Awareness * Advocacy * Research

Mastocytosis is a disorder that can occur in both children and adults. It is caused by the presence of too many mast cells in the body. Mast cells are found in skin, lymph nodes, internal organs (such as the liver and spleen) and the linings of the lung, stomach, and intestine.

See Video 1, See Video 2, See Video 3

Each video features four renowned doctors in the field of mast cell research: Dr. C. Akin, Dr. M. Castells, Dr. T.C. Theoharides, and Dr. N.J. Greenberger. It also features testimonies from patients suffering from mastocytosis or mast cell related diseases.

Link to external websites for further research:
Systemic Mastocytosis Symptoms, Diagnosis, Treatment
Mastocytosis – National Organization for Rare Disorders

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Nuggets of Wisdom

Yes, there is such a thing as having an allergic type reaction to temperatures. This is defined as a physical urticaria. Other physical urticarias include Solar, Aquagenic, Pressure, Vibration and Exercise.

Most reactions are pseudo-allergic. By definition, an allergy involves inhaling or consuming an allergen. Physical urticarias have no known allergen. Despite the terminology and medical definitions, systemic reactions can be life threatening.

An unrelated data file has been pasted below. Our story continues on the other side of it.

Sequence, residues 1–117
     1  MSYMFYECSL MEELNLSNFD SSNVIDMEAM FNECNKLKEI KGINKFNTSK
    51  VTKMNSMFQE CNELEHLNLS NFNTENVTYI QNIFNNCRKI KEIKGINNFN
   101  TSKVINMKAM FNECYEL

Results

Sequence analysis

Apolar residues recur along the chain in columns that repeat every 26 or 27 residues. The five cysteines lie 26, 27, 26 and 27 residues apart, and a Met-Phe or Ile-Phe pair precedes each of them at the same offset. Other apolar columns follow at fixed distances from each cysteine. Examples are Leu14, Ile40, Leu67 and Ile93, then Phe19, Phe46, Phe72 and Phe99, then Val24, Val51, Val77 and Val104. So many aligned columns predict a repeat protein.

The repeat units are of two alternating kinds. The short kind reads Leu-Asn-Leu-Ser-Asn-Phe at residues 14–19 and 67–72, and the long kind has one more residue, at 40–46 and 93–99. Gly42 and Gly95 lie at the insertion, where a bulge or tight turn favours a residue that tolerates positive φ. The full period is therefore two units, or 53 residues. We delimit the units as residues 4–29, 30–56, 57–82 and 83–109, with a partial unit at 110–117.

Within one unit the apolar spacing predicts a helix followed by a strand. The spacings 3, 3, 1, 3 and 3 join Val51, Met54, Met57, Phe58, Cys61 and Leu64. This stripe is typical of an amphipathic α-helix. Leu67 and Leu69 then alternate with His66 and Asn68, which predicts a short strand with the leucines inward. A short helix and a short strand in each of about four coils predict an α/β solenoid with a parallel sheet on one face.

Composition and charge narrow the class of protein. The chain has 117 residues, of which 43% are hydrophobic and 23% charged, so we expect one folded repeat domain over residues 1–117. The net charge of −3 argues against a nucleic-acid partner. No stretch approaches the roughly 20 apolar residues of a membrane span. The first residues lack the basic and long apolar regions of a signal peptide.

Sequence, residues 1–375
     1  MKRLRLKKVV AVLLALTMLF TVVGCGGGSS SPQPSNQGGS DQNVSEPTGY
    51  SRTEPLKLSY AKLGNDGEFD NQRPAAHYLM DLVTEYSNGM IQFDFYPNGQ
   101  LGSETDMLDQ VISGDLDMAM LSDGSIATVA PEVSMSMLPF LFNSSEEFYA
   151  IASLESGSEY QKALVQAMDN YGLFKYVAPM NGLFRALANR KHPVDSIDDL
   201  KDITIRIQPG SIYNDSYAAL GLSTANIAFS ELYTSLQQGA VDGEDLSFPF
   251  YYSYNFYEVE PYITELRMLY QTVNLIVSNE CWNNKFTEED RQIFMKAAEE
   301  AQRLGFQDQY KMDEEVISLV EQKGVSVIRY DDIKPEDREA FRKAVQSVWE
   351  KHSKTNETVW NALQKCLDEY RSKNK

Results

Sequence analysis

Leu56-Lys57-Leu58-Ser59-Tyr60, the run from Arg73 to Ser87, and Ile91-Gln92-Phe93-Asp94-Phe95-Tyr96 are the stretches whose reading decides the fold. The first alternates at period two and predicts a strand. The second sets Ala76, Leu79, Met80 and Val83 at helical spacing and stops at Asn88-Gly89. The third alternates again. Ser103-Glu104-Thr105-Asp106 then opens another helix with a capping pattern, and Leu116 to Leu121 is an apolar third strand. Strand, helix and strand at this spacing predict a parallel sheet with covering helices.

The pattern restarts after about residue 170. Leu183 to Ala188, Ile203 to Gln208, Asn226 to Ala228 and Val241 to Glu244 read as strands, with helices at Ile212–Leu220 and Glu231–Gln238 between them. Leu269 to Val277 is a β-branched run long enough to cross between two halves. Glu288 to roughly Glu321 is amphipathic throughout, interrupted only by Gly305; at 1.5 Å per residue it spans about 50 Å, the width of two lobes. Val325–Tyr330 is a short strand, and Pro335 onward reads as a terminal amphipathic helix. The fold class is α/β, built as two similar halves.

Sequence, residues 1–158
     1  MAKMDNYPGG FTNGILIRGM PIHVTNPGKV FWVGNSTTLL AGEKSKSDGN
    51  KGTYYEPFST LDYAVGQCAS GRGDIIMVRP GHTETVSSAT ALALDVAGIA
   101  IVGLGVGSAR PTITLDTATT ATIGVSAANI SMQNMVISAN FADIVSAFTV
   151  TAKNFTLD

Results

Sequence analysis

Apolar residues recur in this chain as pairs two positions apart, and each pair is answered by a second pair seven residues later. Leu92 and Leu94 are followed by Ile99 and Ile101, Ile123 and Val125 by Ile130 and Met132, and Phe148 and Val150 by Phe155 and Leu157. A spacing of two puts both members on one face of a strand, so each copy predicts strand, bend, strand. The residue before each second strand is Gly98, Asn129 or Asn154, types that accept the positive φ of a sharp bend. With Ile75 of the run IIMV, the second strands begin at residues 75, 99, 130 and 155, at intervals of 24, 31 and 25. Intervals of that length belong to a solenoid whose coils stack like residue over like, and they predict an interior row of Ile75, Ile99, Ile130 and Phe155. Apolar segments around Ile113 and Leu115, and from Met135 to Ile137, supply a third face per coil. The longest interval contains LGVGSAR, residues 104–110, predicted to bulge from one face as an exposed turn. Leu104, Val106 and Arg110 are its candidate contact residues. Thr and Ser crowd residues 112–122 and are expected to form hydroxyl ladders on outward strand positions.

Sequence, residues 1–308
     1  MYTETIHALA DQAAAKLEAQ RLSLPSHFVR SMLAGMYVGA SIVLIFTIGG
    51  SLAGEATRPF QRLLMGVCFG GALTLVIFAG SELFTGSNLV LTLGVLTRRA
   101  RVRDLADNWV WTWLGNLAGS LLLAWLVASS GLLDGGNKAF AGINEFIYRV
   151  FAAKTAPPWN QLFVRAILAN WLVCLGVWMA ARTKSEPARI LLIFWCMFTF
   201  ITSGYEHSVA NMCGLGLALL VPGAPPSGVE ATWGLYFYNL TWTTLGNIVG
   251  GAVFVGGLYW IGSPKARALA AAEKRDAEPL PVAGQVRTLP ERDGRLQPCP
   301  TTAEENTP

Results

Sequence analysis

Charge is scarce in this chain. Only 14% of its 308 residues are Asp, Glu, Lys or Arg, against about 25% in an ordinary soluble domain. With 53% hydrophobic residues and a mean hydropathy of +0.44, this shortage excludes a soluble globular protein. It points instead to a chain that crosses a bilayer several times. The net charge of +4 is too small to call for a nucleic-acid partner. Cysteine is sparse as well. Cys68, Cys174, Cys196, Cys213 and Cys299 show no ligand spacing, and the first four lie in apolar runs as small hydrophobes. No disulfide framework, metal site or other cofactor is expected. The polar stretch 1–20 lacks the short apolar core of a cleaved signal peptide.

Cold has an arbitrary definition based on an individual feeling. For a person with a cold urticaria, cold can be defined as any temperature cooler than their own body temperature.

You do not have to be cold to have a reaction to the cold; contact with cold can trigger a reaction.

You can have an allergic type reaction to both cold and heat simultaneously.

Most reactions considered anaphylactic are really anaphylactoid by definition.

Moving to a warmer climate as a treatment for Cold Urticaria is a myth. Warmer climates present their own issues for those with Cold Urticaria.

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